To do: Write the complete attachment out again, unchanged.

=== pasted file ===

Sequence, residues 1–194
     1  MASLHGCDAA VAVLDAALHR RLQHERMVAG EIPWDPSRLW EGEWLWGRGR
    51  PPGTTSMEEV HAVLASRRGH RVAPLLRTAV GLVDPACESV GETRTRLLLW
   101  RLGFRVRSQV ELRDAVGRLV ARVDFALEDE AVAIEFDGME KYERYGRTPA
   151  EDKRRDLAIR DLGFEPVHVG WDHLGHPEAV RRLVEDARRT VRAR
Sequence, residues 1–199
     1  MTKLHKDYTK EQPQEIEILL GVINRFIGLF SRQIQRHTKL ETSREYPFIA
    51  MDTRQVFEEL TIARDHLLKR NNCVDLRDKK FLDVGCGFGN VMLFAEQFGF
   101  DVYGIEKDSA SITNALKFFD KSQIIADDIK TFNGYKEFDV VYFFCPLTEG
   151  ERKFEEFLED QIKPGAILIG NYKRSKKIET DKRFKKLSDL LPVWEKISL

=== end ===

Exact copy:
Sequence, residues 1–194
     1  MASLHGCDAA VAVLDAALHR RLQHERMVAG EIPWDPSRLW EGEWLWGRGR
    51  PPGTTSMEEV HAVLASRRGH RVAPLLRTAV GLVDPACESV GETRTRLLLW
   101  RLGFRVRSQV ELRDAVGRLV ARVDFALEDE AVAIEFDGME KYERYGRTPA
   151  EDKRRDLAIR DLGFEPVHVG WDHLGHPEAV RRLVEDARRT VRAR
Sequence, residues 1–199
     1  MTKLHKDYTK EQPQEIEILL GVINRFIGLF SRQIQRHTKL ETSREYPFIA
    51  MDTRQVFEEL TIARDHLLKR NNCVDLRDKK FLDVGCGFGN VMLFAEQFGF
   101  DVYGIEKDSA SITNALKFFD KSQIIADDIK TFNGYKEFDV VYFFCPLTEG
   151  ERKFEEFLED QIKPGAILIG NYKRSKKIET DKRFKKLSDL LPVWEKISL